Advertisement

Marine Biology

, Volume 34, Issue 1, pp 77–83 | Cite as

Physical factors controlling abundance of meiofauna on tidal and atidal beaches

  • N. C. Hulings
  • J. S. Gray
Article

Abstract

Quantitative samples of interstitial sand beach meiofauna were collected from Morocco along the North African coast (Algeria and Tunisia) and northwards to Lebanon, Turkey and Cyprus. Data on the sediment median diameter, sorting coefficient and beach temperature were used to construct multiple-regression equations relating these factors to the total meiofaunal numbers. Curvilinear regression was found to give a significantly better fit than linear regression in all cases but one. Treating the whole Mediterranean data, the equation explained 9.3% of the variance in meiofaunal abundance. Within narrower geographical areas, however, the equations explained significantly more of the variance: 56.70% of Moroccan tidal beach data, 75.60% of South Tunisian tidal beach data, and 62.3% of South Tunisian atidal beach data. For the tidal beach equations sorting was the most important factor, followed by temperature and median diameter. It is suggested that the factors controlling meiofaunal abundance on these beaches are likely to be wave, tide and current action which also control sorting. The lack of fit of most atidal beach data suggests that here biological interactions such as competition and predation may control meiofaunal abundance. The detection of beaches affected by pollutants may also be possible using regression techniques. Beaches having a significantly enriched population (sewage-induced) or depleted population (pollutant-induced) can be readily detected.

Keywords

Beach Sorting Meiofauna Median Diameter Sand Beach 
These keywords were added by machine and not by the authors. This process is experimental and the keywords may be updated as the learning algorithm improves.

Preview

Unable to display preview. Download preview PDF.

Unable to display preview. Download preview PDF.

Literature Cited

  1. Andrewartha, H.G.: Introduction to the study of animal populations, 281 pp. London: Methuen 1961Google Scholar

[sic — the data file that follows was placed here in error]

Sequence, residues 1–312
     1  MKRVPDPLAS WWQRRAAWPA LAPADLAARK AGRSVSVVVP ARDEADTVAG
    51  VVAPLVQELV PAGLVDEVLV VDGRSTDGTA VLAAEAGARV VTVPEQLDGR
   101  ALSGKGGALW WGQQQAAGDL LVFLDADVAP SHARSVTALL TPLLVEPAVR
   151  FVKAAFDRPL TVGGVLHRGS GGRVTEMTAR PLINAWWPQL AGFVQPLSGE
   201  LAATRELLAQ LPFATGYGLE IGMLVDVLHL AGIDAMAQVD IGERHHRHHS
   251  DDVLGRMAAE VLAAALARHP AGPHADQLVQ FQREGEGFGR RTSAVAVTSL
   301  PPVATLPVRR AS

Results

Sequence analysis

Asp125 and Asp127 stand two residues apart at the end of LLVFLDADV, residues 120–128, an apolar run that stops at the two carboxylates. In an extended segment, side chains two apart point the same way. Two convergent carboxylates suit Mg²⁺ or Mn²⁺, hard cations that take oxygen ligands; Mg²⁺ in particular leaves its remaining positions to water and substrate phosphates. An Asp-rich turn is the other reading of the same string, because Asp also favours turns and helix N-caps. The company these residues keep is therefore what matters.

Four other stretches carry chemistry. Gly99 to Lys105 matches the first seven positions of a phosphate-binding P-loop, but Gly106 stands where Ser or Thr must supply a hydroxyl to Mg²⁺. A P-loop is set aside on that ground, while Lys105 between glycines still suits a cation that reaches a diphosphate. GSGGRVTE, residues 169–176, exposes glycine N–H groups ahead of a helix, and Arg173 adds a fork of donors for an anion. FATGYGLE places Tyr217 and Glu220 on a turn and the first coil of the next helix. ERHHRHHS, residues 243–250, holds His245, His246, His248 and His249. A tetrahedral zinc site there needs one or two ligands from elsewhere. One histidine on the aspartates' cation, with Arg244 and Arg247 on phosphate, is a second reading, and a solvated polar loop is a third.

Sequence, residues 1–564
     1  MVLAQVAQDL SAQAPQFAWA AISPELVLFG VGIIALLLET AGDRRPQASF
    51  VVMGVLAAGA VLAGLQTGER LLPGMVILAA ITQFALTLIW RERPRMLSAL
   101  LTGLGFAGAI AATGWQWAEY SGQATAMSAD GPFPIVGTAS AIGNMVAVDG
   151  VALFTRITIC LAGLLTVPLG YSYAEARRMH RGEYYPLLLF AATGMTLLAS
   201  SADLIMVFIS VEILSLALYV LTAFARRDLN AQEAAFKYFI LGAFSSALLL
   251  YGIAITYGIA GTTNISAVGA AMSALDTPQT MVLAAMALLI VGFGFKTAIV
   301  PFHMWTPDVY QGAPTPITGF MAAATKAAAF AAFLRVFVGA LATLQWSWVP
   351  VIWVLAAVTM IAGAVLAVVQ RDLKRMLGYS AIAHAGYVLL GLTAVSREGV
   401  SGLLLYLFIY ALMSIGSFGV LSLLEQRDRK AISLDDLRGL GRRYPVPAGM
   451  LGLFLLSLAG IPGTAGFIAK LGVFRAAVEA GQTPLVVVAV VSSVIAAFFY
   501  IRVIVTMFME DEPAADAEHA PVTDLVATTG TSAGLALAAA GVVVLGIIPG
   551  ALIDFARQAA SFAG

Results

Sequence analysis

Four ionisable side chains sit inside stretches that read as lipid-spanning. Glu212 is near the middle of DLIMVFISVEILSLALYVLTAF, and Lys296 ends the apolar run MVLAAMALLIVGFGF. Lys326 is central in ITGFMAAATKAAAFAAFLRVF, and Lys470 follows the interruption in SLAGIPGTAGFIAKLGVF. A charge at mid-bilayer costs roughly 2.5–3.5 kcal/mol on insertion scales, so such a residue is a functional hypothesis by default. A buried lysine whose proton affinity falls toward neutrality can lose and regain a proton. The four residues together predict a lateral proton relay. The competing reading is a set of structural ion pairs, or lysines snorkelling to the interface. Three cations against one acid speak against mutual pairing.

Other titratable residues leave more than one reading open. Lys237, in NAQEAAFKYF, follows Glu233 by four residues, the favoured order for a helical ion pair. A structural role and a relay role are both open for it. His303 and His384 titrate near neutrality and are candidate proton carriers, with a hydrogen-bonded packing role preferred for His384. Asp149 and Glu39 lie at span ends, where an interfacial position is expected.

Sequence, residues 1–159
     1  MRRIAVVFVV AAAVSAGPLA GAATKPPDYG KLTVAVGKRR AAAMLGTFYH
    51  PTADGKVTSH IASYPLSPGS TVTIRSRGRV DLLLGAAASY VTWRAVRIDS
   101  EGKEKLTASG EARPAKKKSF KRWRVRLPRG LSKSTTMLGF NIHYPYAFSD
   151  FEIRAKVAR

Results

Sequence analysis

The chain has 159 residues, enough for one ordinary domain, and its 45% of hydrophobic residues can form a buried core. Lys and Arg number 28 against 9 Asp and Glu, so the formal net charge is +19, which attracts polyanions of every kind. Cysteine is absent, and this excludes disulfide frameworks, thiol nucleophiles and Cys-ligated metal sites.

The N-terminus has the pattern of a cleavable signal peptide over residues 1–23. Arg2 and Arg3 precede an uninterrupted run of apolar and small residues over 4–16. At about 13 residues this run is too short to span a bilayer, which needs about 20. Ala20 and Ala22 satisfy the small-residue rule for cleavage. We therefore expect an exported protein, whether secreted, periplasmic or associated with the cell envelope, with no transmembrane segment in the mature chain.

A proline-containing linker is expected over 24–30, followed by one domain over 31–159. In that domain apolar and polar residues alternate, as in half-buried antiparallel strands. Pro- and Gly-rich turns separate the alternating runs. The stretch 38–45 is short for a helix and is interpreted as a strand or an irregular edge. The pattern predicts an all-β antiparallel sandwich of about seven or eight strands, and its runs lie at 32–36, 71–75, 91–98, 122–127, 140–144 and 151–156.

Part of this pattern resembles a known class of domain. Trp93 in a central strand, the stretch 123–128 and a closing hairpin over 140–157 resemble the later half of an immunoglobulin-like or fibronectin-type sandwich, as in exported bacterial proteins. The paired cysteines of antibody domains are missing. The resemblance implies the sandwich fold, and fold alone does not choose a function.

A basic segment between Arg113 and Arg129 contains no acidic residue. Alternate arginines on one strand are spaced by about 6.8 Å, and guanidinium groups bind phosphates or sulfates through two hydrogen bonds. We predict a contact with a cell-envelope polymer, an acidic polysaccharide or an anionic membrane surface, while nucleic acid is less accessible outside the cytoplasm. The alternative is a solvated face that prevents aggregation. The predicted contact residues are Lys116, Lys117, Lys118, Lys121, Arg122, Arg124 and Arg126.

2. Crisp, D.J. and R. Williams: Direct measurement of pore-size distribution on artificial and natural deposits and prediction of pore space accessible to interstitial organisms. Mar. Biol. 10, 214–226 (1971)Google Scholar
  3. Folk, R.L.: Petrology of sedimentary rocks, 170 pp. Austin, Texas: Hemphills 1968Google Scholar
  4. Gray, J.S.: The effects of pollution on sand meiofauna communities. Thalassia jugosl. 7, 79–86 (1971)Google Scholar
  5. Gray, J.S.: The fauna of the polluted river Tees estuary. (In preparation)Google Scholar
  6. — and R.M. Rieger: A quantitative study of the meiofauna of an exposed sandy beach, at Robin Hood's Bay, Yorkshire. J. mar. biol. Ass. U.K. 51, 1–19 (1971)Google Scholar
  7. Hulings, N.C.: A comparative study of the sand beach meiofauna of Lebanon, Tunisia and Morocco. Thalassia jugosl. 7, 117–122 (1971)Google Scholar
  8. — and J.S. Gray: A manual for the study of meiofauna. Smithson. Contr. Zool. 78, 1–84 (1971)Google Scholar
  9. Jansson, B.O.: The significance of grain size and pore water content for the interstitial fauna of sandy beaches. Oikos 18, 311–322 (1967)Google Scholar
  10. McIntyre, A.D.: Ecology of marine meiobenthos. Biol. Rev. 44, 245–290 (1969)Google Scholar
  11. —: Control factors on meiofauna populations. Thalassia jugosl. 7, 209–215 (1971)Google Scholar
  12. — and D.J. Murison: The meiofauna of a flatfish nursery ground. J. mar. biol. Ass. U.K. 53, 93–118 (1973)Google Scholar
  13. Pérès, J.M.: The Mediterranean benthos. Oceanogr. mar. Biol. A. Rev. 5, 449–533 (1967)Google Scholar
  14. Snedecor, G.W. and W.G. Cochran: Statistical methods, 593 pp. Ames: Iowa State University Press 1967Google Scholar
  15. Wieser, W.: The effect of grain size on the distribution of small invertebrates inhabiting the beaches of Puget Sound. Limnol. Oceanogr. 4, 181–194 (1959)Google Scholar
  16. Woodin, S.A.: Polychaete abundance patterns in a marine soft-sediment environment: the importance of biological interactions. Ecol. Monogr. 44, 171–187 (1974)Google Scholar

Copyright information

© Springer-Verlag 1976

Authors and Affiliations

  • N. C. Hulings
    • 1
  • J. S. Gray
    • 2
  1. 1.Marine Science Programme, Faculty of ScienceUniversity of JordanAmmanJordan
  2. 2.Wellcome Marine LaboratoryUniversity of LeedsRobin Hood's BayEngland

Personalised recommendations